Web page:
Teachers reject the pay increase or demand it right away.
The Kenya National Union of Teachers (KNUT) and the Kenya Union of Post Primary Education Teachers (Kuppet) have angrily opposed President William Ruto’s announcement of a pay hike for all public officials. They say that rather than approving the President’s proposed salary hike, the Teachers Service Commission (TSC) should follow the terms established in the 2021-2025 Collective Bargaining Agreement (CBA) for teachers.
These teachers’ unions advocate for a methodical approach to determining suitable compensation changes that benefits their members in certain job categories. Their planned compensation increases range from 30 to 70%, with the highest-paid instructors receiving a 70% hike and the lowest workers receiving a 30% increase. This is in sharp contrast to President Ruto’s proposal, which called for a relatively moderate 7 to 10% pay increase.
To put things in context, the CBA for 2021-2025 already detailed ambitious wage adjustments. Kuppet, for example, aimed to raise the lowest-paid teachers’ wage to Ksh 59,425 from the existing Ksh 34,955, an agreement that had been canceled two years earlier. The teachers’ unions also argued within the same agreement for a rise in the highest-paid category from Ksh 118,242 to Ksh 153,715.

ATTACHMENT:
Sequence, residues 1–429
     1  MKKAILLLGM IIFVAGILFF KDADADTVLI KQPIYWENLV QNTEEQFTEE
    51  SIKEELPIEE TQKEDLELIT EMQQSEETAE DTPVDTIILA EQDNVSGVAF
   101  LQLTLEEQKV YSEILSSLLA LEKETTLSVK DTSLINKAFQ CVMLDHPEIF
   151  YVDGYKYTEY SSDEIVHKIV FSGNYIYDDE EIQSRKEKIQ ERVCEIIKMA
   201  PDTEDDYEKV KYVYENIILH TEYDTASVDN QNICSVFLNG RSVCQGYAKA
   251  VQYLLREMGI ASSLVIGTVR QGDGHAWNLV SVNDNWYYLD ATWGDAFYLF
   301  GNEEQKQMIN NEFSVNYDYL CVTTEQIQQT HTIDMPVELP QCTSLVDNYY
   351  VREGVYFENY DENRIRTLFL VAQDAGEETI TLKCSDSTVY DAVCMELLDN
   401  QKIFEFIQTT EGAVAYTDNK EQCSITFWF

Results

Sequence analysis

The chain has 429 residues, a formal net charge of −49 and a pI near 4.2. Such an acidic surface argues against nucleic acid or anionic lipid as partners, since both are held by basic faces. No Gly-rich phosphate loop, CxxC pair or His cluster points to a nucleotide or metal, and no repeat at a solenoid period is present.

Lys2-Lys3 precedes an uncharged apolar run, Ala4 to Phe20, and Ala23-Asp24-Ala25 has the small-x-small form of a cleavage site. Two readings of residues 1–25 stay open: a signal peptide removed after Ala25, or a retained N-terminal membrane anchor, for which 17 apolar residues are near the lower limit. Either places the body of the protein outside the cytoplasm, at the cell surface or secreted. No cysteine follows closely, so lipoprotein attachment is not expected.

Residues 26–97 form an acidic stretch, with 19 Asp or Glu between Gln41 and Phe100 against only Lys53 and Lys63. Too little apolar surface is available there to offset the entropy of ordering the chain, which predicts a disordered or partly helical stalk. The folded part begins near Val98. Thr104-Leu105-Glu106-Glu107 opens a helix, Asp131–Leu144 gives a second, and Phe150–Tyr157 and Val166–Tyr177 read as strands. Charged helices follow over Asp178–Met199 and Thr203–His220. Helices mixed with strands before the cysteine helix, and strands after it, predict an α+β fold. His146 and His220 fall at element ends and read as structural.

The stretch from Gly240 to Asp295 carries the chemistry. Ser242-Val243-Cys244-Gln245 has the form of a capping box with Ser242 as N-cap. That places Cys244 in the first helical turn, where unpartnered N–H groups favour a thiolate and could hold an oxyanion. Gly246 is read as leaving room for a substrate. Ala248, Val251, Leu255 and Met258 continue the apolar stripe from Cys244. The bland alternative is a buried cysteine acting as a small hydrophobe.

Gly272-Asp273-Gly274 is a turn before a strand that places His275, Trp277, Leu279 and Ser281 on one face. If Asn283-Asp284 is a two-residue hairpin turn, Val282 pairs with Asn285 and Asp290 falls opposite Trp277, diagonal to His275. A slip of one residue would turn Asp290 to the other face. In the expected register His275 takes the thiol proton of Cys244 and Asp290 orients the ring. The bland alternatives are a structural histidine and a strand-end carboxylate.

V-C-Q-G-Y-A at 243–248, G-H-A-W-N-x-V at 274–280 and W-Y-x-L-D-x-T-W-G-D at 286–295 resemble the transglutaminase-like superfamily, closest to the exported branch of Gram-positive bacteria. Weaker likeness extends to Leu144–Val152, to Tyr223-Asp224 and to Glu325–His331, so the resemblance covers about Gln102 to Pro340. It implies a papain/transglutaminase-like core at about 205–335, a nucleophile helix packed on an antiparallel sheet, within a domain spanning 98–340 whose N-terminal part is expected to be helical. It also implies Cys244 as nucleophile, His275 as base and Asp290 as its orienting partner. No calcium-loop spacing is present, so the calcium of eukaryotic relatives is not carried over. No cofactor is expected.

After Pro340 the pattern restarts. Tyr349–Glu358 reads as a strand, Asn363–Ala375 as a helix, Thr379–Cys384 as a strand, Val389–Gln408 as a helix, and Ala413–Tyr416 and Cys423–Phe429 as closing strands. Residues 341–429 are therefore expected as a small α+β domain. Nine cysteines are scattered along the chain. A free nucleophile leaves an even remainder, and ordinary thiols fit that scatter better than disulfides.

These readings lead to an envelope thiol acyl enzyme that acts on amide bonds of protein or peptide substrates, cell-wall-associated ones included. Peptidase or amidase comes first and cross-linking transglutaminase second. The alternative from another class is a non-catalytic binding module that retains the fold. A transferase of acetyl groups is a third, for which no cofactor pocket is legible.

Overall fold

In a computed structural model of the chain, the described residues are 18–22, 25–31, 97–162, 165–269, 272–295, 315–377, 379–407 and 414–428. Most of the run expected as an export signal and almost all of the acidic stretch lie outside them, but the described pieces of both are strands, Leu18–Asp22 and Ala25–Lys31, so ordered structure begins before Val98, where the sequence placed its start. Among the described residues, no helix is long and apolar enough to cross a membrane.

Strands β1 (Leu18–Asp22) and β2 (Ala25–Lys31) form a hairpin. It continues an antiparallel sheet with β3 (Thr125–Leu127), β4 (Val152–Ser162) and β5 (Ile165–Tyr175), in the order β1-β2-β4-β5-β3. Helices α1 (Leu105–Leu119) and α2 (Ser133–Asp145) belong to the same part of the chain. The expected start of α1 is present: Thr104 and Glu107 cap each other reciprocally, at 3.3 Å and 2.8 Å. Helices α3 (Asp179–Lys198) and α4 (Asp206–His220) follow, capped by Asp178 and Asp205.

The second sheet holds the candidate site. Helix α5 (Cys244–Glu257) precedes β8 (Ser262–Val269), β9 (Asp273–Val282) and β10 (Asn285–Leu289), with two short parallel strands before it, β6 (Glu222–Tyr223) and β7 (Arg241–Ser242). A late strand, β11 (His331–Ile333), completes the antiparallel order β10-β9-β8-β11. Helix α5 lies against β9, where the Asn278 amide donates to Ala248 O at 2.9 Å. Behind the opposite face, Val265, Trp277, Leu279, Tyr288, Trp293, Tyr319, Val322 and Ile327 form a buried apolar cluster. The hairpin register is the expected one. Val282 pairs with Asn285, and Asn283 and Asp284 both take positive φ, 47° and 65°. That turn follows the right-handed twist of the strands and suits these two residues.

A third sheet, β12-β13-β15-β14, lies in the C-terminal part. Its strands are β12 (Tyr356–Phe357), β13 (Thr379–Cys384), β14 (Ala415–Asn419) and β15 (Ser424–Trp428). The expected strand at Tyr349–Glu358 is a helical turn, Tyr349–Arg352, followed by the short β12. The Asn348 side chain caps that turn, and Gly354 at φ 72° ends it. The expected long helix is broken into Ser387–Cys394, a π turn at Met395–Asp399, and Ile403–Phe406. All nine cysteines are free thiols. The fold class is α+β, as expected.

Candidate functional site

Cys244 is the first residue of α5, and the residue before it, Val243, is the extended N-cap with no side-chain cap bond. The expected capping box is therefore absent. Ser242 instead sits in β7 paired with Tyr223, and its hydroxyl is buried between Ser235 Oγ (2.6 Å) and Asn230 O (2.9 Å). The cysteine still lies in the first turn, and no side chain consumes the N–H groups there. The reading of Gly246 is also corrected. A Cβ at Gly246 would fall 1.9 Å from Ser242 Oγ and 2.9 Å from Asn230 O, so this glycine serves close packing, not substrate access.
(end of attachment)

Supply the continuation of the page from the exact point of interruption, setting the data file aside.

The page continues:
The unions underline that teachers have been fighting for two years to receive the perks outlined in the 2021-2025 Collective Bargaining Agreement.
Collins Oyuu, Secretary-General of the Kenya National Union of Teachers, responded by expressing the union’s intention to ensure that the Teachers Service Commission meets teachers’ demands, especially as the country transitions to Junior Secondary Schools (JSS) under the new curriculum. Oyuu also praised President Ruto’s recent announcement, citing it as a potential driver for strengthening the CBA for 2021-2025.
In a related event, the Teachers Service Commission announced 20,000 teaching job openings across the country to address the chronic teacher shortage. 18,000 of these posts are allocated for interns, while the remaining 2,000 offer permanent and pensionable work, with the goal of alleviating school staffing issues.